Bonus Recipe! My Simplicious Beefin’ Good Jerky

This jerky recipe from I Quit Sugar: SIMPLICIOUS is seriously easy to make and will leave you feeling a little bit “frontier”. It’s great for lunchboxes. I fiddled around with this recipe to get a smoky-sweet vibe.

Beef jerky Bonus Recipe! My Simplicious Beefin' Good Jerky
Ugly photo, pretty cool idea: My Beefin’ Good Jerky

The image above is a photo I took while developing the recipe, my old sewing sheers that have become my kitchen scissors padding things out. Yes, it may not be the prettiest thing I’ve made, but that’s not what this recipe is all about. Trust me, it tastes better than the real thing and beats paying a ton for store-bought stuff! My beef jerky costs just $8 for 700g. For the same amount, store-bought, you’re looking at $60. Yep.

Some meaty bits to know…

* I use mince to make this – cheap, accessible, easy to blend flavour in.

* Beef mince is best, ensure it’s lean in just this instance!

* Don’t worry if your oven doesn’t go as low as 70 C. That’s dandy, but note the different cooking time.

And while you’re at it…

You can also make the Good For Your Guts Garlic recipe (also from Simplicious, which you can find here or at all bookstores) while you’ve got the oven down this low, so long as you don’t mind the meaty flavour. Or make the Homemade Bacon! I encourage readers of my book to multi-purpose an oven that’s left on for a while.

Some Beefin’ Good Jerky

  • 1 kg beef mince meat
  • 1 ½ teaspoons sea salt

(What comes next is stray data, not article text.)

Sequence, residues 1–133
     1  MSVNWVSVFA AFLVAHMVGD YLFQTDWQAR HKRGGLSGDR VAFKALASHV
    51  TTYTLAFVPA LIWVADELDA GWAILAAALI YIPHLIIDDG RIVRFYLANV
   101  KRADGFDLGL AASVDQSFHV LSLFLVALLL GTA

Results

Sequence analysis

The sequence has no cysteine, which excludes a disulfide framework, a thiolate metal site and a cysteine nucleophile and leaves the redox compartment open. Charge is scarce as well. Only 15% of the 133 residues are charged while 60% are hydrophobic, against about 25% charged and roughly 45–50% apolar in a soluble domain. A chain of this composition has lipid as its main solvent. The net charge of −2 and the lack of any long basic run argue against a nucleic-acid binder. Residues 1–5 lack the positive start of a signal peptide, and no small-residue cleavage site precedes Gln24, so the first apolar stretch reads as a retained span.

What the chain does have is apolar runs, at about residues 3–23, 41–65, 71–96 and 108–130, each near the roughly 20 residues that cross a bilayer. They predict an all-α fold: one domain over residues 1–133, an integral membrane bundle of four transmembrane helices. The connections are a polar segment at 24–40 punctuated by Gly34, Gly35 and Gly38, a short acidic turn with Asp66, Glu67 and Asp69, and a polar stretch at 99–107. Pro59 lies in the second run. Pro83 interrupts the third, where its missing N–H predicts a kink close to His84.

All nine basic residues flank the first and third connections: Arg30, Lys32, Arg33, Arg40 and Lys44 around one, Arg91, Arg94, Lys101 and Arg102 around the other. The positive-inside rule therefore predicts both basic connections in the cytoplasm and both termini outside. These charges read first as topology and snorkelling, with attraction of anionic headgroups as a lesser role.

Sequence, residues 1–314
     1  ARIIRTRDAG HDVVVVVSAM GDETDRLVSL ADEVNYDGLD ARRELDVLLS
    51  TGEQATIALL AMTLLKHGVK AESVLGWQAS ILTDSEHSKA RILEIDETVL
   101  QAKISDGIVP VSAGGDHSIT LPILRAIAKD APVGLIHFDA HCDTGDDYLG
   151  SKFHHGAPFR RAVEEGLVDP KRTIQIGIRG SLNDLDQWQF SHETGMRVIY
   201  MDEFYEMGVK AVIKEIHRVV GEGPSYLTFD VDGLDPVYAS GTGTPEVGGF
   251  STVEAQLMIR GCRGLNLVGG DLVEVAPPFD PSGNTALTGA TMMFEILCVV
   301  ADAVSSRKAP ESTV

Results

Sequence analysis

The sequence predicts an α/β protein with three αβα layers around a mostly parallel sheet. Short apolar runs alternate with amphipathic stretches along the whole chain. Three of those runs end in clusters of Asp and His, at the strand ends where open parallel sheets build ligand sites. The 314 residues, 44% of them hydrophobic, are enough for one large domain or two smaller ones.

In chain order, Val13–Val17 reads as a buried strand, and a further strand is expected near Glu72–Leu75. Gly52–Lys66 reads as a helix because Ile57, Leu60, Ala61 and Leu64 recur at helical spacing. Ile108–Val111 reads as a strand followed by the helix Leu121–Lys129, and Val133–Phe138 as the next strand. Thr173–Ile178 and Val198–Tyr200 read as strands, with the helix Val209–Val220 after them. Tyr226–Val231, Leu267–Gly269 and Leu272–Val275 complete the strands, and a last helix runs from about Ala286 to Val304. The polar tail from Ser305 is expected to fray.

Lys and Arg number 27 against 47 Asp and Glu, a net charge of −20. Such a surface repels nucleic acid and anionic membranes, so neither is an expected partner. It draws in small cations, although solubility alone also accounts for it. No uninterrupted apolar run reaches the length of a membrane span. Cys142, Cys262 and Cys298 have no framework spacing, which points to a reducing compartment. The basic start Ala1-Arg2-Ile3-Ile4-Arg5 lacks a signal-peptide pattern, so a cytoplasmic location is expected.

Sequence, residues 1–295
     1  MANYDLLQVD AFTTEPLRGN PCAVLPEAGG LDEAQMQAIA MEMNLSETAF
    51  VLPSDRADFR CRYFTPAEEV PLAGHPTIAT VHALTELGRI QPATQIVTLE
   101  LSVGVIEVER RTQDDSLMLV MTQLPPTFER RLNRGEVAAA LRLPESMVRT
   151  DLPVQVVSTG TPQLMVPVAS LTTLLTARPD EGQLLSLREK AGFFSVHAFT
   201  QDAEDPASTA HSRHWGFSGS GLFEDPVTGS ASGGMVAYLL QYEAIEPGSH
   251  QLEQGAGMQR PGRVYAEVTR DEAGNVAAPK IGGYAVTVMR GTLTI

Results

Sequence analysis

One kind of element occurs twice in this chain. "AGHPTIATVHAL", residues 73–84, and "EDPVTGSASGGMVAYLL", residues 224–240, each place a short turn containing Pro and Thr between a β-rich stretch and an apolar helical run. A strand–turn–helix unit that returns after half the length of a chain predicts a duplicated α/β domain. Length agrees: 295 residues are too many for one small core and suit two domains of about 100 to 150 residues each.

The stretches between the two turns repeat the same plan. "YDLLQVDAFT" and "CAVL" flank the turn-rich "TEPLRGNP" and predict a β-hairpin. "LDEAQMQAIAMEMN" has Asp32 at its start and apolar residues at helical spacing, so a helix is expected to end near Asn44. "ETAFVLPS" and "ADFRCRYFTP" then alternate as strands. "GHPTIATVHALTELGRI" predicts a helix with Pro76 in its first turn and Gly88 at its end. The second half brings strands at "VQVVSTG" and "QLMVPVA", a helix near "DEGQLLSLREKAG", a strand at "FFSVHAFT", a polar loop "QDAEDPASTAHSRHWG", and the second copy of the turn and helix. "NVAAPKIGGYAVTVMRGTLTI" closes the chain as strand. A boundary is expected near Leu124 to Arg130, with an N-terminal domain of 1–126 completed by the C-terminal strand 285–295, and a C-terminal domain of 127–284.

• ½ teaspoon black pepper
  • 1 teaspoon garlic powder (or 3 cloves garlic, finely minced)
  • 1 teaspoon ground cumin
  • 1 teaspoon smoked paprika

Preheat the oven to 70 C and line two baking trays with baking paper. Use your hands and mix all the ingredients together in a big bowl. Take half the mixture and press it out on the first tray to 5 mm thick (use a rolling pin or bottle). You can work to a neat rectangle (though I like to keep it an organic shape and then break it into shards later). Repeat with the rest of the mixture on the second tray.

Dry for 6 hours in the oven (about 4 hours if using a 90 C oven), pouring the juices into a jug every hour or so. (Keep the jug in the fridge – you can pour it into an icecube tray and freeze for later).

Flip the jerky in the final hour. The stuff is done when you break off a piece, let it cool and it no longer leaks any moisture when squeezed.

Once done, allow the jerky to cool completely on a wire rack, then snap into shards (or cut with scissors) and store in an airtight container in the fridge for up to 2 months.

Have you tried making this jerky? How does it compare to store bought? 



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